When it comes to financing your medical education, there are several do’s and don'ts you should be aware of. For instance, if it's possible to borrow from interest-free sources (like family members), take advantage of this method. This can save you thousands of dollars that would have otherwise gone to interest payments.
It's also important to remember that tuition isn't your only expense when attending medical school. Housing, books, food, and more can amount to quite a bit if you're not prepared for them.
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2. Research Each School’s Financial Aid Options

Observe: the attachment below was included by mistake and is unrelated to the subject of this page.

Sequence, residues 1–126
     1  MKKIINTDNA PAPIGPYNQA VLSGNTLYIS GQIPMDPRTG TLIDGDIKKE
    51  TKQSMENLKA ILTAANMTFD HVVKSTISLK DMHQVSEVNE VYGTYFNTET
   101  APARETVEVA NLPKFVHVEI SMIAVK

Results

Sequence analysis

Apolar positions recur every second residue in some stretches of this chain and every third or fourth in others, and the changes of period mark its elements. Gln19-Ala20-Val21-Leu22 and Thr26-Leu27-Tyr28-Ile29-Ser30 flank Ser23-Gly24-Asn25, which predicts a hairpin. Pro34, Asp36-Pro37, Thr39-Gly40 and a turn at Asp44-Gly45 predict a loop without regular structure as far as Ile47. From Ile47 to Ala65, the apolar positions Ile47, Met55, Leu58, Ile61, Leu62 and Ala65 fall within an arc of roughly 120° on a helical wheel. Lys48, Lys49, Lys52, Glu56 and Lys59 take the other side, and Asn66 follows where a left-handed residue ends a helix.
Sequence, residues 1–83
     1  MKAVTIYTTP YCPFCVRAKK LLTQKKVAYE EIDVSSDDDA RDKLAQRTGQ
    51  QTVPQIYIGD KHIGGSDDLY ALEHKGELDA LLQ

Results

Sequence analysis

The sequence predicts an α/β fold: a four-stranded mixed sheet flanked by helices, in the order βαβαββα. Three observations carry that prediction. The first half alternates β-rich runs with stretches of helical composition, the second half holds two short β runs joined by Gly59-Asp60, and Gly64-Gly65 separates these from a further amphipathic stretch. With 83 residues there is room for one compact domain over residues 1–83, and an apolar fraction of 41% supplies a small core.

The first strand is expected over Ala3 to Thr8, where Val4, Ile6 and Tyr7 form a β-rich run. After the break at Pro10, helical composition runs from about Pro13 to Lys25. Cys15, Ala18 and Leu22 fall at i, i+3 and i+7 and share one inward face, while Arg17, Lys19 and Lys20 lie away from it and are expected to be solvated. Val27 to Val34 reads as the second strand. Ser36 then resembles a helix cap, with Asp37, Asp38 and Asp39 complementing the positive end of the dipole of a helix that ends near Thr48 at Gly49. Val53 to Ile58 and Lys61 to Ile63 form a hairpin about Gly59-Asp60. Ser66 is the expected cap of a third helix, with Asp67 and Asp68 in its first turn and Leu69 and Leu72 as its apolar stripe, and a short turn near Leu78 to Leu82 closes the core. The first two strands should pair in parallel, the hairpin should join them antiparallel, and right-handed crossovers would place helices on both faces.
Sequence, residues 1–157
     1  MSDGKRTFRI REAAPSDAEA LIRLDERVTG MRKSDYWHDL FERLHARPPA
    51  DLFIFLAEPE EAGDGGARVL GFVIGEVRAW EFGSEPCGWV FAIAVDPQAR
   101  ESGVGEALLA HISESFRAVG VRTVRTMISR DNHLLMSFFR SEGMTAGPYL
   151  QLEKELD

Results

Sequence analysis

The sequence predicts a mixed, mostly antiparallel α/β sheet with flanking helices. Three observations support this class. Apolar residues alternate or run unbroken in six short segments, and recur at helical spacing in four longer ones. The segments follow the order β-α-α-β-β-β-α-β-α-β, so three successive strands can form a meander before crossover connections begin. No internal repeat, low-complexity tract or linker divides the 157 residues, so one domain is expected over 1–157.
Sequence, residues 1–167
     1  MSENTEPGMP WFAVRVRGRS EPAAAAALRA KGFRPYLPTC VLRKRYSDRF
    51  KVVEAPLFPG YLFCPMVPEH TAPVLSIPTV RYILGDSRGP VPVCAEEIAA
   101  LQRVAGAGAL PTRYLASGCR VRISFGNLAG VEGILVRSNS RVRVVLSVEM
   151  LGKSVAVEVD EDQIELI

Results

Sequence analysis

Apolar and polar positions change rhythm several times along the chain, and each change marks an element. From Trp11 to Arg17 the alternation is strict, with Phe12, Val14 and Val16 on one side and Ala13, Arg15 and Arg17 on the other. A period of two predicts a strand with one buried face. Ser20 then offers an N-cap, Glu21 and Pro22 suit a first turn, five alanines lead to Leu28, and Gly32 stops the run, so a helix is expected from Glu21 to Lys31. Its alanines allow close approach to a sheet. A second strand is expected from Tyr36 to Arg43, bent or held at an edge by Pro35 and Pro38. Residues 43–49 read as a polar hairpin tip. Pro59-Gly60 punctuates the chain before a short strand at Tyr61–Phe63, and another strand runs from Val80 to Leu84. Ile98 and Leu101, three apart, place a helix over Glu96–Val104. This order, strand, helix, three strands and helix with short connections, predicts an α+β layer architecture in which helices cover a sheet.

First and foremost, it's important to familiarize yourself with the financial assistance options of each school you apply to. Examine their financial aid page to see their tuition and fees, the loans they accept, the scholarships they offer, and the resources they provide. Reach out to the financial aid office to learn more about the various financing options available for you. You should also request data such as:
- How many students receive aid from loans and scholarships offered by the institution
- The average need-based scholarship awarded by the school
- The average student debt accumulated by the previous year's graduating class
These metrics can help you prepare for financing your education and determining a repayment plan.
3. Work on Your Credit Score